Digital radio offers to get personal

Meg Carter gets a sneak preview of the new digital radios that have been specially designed for the BBC
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The Independent Culture
In all the industry excitement surrounding the launch of digital broadcasting this summer, radio has been the poor cousin to bigger, brasher TV. Until now. In an attempt to kick-start manufacturers' imaginations, the BBC has commissioned its own designs of how the humble radio set might evolve in the brave new digital media world. The results look likely to revolutionise the industry's thinking.

The aim was to create a new visual icon for radio, explains Glyn Jones, BBC digital radio managing editor. "Radio has been left behind in the digital debate - which is understandable, because TV is a much bigger business," he says. "Yet people listen to radio for on average three hours a day - the same length of time they spend watching television. And while 4 million TV sets are sold each year, 12 million radios are sold."

From the early days of the cat's whisker, through the valve wireless sets of the Thirties and Forties, the bakelite era and the development in the Seventies of lightweight portables, the radio set has undergone a sequence of major design changes. However, since becoming integrated into stacked hi-fi and in-car entertainment systems, it has suffered an identity crisis.

"By the early Eighties, the radio set had reached a point in its life cycle where manufacturers were more focused on price than on product differentiation," says Jones. "Today, radios may be very cheap, but that doesn't mean they are actively sold. Ask for one, and you'll be directed to the back of a shop and left to get on with it yourself."

Ironically, this has coincided with a period of extraordinary growth in radio. The rapid expansion of commercial radio resulted in unprecedented station choice and increased listening. Now, digital broadcasting promises further enhancements.

Digital transmissions will allow more stations to be transmitted in a bandwidth previously able to carry just a few. It also promises CD-quality sound, easier tuning, reduced signal interference and the broadcast of visual images as part of radio transmissions. The first digital sets are already available, though so far only 200 or so are in use in the UK - which is hardly surprising, as early prototypes cost around pounds 1,500.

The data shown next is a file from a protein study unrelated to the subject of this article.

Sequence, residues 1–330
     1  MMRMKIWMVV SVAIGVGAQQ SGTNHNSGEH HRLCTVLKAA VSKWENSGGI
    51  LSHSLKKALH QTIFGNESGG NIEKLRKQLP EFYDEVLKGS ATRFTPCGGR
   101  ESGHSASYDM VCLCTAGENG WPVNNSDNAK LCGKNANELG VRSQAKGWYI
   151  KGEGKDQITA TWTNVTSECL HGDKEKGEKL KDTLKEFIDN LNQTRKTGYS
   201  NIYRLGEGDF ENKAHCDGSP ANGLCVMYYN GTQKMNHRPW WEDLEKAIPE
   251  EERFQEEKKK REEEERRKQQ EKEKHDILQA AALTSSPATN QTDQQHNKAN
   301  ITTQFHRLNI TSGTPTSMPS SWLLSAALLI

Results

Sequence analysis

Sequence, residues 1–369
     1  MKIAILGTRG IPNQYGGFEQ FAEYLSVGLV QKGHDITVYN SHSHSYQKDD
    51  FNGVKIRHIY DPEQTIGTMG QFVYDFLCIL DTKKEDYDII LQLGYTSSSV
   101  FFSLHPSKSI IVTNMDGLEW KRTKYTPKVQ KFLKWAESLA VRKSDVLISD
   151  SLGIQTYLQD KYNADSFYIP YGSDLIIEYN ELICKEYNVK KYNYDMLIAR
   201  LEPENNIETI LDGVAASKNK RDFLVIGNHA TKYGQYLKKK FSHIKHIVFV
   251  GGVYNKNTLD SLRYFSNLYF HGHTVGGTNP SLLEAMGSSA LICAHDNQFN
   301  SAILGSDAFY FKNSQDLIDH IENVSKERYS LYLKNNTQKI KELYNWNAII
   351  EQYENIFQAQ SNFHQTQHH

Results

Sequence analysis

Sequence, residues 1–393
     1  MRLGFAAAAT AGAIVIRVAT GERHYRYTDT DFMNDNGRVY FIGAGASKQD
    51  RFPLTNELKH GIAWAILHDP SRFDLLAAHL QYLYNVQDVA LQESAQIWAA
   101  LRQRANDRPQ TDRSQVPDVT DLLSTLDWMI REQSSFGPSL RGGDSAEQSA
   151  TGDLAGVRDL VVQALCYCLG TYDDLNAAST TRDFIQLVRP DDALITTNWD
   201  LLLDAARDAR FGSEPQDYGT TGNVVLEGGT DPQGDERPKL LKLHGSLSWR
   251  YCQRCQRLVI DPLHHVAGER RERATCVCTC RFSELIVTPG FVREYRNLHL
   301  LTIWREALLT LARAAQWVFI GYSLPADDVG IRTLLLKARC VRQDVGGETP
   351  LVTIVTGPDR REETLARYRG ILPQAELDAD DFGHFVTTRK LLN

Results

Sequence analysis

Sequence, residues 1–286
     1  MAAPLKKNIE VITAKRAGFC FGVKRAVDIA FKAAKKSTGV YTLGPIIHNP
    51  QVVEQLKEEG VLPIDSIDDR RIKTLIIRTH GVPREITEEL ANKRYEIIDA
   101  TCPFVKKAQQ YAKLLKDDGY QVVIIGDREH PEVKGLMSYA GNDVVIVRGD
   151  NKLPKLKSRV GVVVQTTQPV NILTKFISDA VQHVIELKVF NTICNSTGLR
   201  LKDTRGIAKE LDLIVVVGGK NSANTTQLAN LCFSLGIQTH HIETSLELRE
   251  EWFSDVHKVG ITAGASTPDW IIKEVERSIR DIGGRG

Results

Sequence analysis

The mass-market launch of digital radio - with sets priced at between pounds 100 and pounds 200 - is expected this summer. Last week the BBC revealed details of a basic, two-button digital set it has commissioned from one manufacturer, Ensigma, to gauge how cheaply a simple digital receiver could be made. The "two-button tuner" works on the click of a button, with no need for manual tuning, and could be produced for as little as pounds 100 plus assembly costs.

Retail prices are expected to fall sharply with future generations of radio sets. "Our concern, however, is that manufacturers have focused more on technology than design," Jones explains. Which is where the product design specialists IDEO come in.

The BBC approached IDEO to develop hypothetical designs for a new generation of radio sets. "Our brief was to develop a vision," explains Nick Dormon, a senior designer. "The last thing the BBC wants is for digital radio to be 'just another black box'." IDEO, however, let its imagination run riot. Up to a point: every function it promises is technologically possible.

IDEO developed a variety of set designs catering for a range of tomorrow's radio listening needs. At the heart of the proposed product range is the "IDEO radio", a squat, flying-saucer-shaped set with a rounded dome housing an LCD screen. The main control is a removable key that can be personalised for different family members' programming tastes. Detachable speakers rest on either side.

"The design is intended to be horizontal, rather than the vertical proportions of the TV set," Dormon points out. A hierarchy of information can be displayed on the LCD screen, including station identities and programme synopses - all of which will be transmitted alongside sound within a digital radio broadcast.

Users will be able to replay, pre-record programmes or set the radio to store the last news or traffic report by touching different icons shown on the flat-top screen. This is because it will be easier to tag individual elements of digital radio broadcasts than is currently possible with RDS technology. Stations will also be able to provide added value by transmitting pictures accompanying sound for children's programmes, text messages carrying financial news or weather updates.

Other designs developed by IDEO include "Jean", a personalised, Walkman- style portable radio designed to "live" with its user and learn his or her listening habits. "It's built on the belief that in the future, appliances will become increasingly personally programmable," Dorman says.

So "Jean" could interface with other appliances, for example pre-programming the car radio what to broadcast, or transferring preferences to speakers, TV or computer screen via an infrared link.

Radio, Dormon believes, promises to be the most "human" interface between people and the new generation of digital technology. Jones agrees: "There is a tremendous opportunity for radio to carve a new niche for itself in the digital broadcasting environment," he says. If manufacturers are ready to take up the broadcaster's challenge, that is.

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